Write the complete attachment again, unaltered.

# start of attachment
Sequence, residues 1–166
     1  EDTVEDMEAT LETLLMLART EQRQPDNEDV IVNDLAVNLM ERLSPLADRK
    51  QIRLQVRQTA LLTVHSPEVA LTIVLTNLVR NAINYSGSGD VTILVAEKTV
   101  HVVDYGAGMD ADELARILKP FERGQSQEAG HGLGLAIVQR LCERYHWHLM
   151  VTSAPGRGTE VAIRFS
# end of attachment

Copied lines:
Sequence, residues 1–166
     1  EDTVEDMEAT LETLLMLART EQRQPDNEDV IVNDLAVNLM ERLSPLADRK
    51  QIRLQVRQTA LLTVHSPEVA LTIVLTNLVR NAINYSGSGD VTILVAEKTV
   101  HVVDYGAGMD ADELARILKP FERGQSQEAG HGLGLAIVQR LCERYHWHLM
   151  VTSAPGRGTE VAIRFS